“I think for some reason I’m attracted to doing difficult things,” artist and commercial fisherman Tom Crestodina said, explaining the life he’s carved out on his own terms. Yet before he ever sailed north to work his first season at sea, he added, “I couldn’t have imagined how hard the work could be.”
Crestodina’s penchant for avoiding the easy route is evident in his recently published “Working Boats: An Inside Look at Ten Amazing Watercraft.”
The book, though marketed to children, will appeal to all ages. It features cutaway drawings of several of the most prominent types of vessels operating in Alaska waters. The exhaustively detailed illustrations show the interior and exterior workings of different types of fishing boats, a research ship, a Coast Guard cutter, and even a passenger and car ferry, as well as those who work on them.
“I tried to make vessels that were representative of different fisheries, of different industries,” Crestodina said. “And the fun thing about that is that the range of vessels and walks of life that happen onboard of them is so huge that it became my desire to document the boats of the world.”
Crestodina admits that’s a tall order, and one he’ll never fully complete. Partly because there are too many types of boats, but also because of his work method. In each drawing, Crestodina insists on meticulous accuracy as he depicts what can be found behind a fishing boat’s hull, where fish are stored, food is prepared for the crew, engines chug, and more. “The cutaways are intended to speak to the workers and the owners and the people who have given their lives to these industries and these trades,” he explained.
“I want to make it fun for people in the industry,” he added, noting the whimsical but very accurate details that emerge with close examination of some scenes. In one, he included socks hanging to dry in the engine room of a salmon seiner. “That’s a little joke from the inside to show, that’s something we do, because this is the warmest and driest spot on the boat and that’s where my socks hang.”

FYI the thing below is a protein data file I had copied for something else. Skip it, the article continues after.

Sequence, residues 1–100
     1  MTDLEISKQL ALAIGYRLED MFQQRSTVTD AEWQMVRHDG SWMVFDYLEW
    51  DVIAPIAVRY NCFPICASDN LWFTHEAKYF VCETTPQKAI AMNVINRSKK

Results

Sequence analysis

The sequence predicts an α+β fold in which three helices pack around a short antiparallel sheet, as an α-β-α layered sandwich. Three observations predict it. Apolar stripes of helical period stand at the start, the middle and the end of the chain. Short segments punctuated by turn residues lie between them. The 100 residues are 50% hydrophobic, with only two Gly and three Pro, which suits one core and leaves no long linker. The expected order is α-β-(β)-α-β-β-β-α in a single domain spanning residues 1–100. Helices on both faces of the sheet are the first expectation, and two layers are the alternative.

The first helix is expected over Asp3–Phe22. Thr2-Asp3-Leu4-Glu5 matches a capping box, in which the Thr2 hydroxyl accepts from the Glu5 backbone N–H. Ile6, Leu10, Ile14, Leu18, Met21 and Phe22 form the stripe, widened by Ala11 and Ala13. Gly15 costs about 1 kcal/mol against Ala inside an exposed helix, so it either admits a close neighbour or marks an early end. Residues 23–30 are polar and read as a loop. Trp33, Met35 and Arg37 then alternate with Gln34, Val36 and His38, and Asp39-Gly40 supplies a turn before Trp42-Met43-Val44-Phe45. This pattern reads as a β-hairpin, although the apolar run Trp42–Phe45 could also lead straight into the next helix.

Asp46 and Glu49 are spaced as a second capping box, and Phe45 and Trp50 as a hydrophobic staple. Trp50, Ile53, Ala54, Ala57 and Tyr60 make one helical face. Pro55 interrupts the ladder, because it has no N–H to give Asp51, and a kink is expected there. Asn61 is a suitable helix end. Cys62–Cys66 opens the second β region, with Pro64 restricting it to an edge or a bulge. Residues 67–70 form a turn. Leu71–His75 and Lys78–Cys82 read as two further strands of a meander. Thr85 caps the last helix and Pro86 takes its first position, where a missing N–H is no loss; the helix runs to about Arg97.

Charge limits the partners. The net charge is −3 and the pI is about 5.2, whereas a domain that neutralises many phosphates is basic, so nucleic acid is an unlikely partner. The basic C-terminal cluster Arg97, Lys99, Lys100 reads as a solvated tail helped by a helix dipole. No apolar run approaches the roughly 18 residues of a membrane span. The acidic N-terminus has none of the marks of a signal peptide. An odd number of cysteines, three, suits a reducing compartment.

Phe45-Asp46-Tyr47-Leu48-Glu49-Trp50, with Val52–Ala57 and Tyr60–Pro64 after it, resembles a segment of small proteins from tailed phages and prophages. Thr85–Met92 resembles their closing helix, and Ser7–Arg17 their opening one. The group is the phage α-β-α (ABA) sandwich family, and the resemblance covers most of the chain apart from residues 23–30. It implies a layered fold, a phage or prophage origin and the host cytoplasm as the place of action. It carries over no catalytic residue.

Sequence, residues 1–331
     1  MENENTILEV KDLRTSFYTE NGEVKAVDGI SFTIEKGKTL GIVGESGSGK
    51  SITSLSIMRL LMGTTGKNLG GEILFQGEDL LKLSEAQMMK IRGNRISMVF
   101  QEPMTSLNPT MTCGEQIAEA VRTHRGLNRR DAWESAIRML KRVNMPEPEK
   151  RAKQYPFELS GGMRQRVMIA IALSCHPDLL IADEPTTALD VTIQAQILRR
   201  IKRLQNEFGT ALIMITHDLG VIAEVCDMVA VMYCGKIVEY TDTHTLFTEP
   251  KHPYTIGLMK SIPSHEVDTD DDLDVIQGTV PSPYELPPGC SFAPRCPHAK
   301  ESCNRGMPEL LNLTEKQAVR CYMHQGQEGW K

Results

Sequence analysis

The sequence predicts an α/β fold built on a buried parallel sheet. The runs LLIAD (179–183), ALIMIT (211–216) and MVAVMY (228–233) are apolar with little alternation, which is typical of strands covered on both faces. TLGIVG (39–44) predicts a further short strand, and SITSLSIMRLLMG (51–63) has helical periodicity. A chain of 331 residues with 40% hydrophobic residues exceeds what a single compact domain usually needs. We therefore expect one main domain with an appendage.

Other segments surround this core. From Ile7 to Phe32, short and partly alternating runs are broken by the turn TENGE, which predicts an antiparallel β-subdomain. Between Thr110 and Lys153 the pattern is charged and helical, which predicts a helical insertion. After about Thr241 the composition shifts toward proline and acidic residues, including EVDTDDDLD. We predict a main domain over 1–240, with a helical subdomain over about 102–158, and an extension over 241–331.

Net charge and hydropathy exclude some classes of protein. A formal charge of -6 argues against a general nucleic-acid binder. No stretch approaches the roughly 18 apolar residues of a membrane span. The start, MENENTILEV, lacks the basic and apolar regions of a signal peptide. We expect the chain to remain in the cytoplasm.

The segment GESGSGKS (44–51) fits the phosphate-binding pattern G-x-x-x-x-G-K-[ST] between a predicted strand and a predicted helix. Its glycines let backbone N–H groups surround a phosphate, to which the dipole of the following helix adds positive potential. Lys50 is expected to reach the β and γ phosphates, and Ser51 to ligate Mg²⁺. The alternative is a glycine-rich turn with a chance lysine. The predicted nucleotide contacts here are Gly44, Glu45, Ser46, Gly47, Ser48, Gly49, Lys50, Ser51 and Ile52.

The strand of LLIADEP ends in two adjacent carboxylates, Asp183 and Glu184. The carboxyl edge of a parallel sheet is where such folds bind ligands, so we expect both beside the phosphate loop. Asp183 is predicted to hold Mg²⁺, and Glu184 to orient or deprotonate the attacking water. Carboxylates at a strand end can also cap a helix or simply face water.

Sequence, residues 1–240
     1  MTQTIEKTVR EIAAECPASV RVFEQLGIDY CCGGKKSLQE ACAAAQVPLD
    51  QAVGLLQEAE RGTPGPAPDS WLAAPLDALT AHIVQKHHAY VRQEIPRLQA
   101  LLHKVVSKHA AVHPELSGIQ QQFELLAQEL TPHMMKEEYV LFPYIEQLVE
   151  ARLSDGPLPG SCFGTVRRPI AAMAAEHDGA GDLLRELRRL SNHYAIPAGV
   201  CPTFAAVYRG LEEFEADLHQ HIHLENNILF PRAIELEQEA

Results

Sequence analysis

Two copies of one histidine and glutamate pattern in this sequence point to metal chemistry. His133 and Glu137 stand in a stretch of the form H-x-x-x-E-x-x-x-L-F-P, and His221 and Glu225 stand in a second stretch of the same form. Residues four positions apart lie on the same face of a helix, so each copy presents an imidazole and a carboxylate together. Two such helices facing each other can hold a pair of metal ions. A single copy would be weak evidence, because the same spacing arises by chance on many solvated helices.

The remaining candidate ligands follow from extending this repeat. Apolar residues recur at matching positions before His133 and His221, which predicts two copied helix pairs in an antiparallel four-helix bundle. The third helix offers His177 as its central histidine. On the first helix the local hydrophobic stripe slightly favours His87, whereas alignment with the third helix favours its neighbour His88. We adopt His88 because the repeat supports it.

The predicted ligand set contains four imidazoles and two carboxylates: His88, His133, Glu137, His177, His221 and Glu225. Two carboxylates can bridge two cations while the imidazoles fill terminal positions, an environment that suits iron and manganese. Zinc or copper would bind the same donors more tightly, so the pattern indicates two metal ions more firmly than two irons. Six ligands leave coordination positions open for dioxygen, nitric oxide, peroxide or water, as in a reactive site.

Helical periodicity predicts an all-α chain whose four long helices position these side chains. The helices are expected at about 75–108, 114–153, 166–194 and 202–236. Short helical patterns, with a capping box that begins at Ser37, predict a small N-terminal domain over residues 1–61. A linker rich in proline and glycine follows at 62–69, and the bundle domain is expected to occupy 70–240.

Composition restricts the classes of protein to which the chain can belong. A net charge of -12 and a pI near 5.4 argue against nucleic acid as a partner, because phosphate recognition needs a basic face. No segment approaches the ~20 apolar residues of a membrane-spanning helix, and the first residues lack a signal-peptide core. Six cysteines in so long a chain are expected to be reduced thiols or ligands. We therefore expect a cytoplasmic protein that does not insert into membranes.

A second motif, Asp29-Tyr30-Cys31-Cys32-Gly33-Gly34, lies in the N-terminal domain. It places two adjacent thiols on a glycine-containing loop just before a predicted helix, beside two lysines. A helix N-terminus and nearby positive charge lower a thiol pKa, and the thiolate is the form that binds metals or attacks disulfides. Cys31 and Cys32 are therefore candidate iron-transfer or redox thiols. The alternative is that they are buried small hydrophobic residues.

Life on a boat was not something Crestodina might have been expected to pursue. Other than spending a couple of his teen years in Oregon, he grew up in Chicago, where he says, “I knew nothing about the ocean.” He did know how to draw, however. It was something he began doing before he can remember, and he was one of those kids who would get in trouble for doodling during math class.
After high school, he entered what he calls his “beatnik period” when he wandered around a bit, funding his travels in part by selling drawings to people he encountered. Crestodina eventually landed in Seattle in 1994, where one evening he met a maritime engineer, and “the two of us sat together for hours. He was telling me about his career and his life and sailing across the Atlantic alone in a sailboat, and I was fascinated. The next day I went and got a job at the boatyard in Shilshole Bay in Seattle, and the boats and sea life became my passion.”
He enrolled in Seattle Maritime Academy and earned his degree in 1999 in maritime engineering. “The day that I was set to graduate and get my certificate,” he said, “I had already met the crew and captain of this beautiful 1947 wooden fishing boat that was going salmon fishing in Southeast Alaska. They took me away with them. I didn’t go to my graduation ceremony, I went to Sitka instead. And I’ve been fishing ever since.”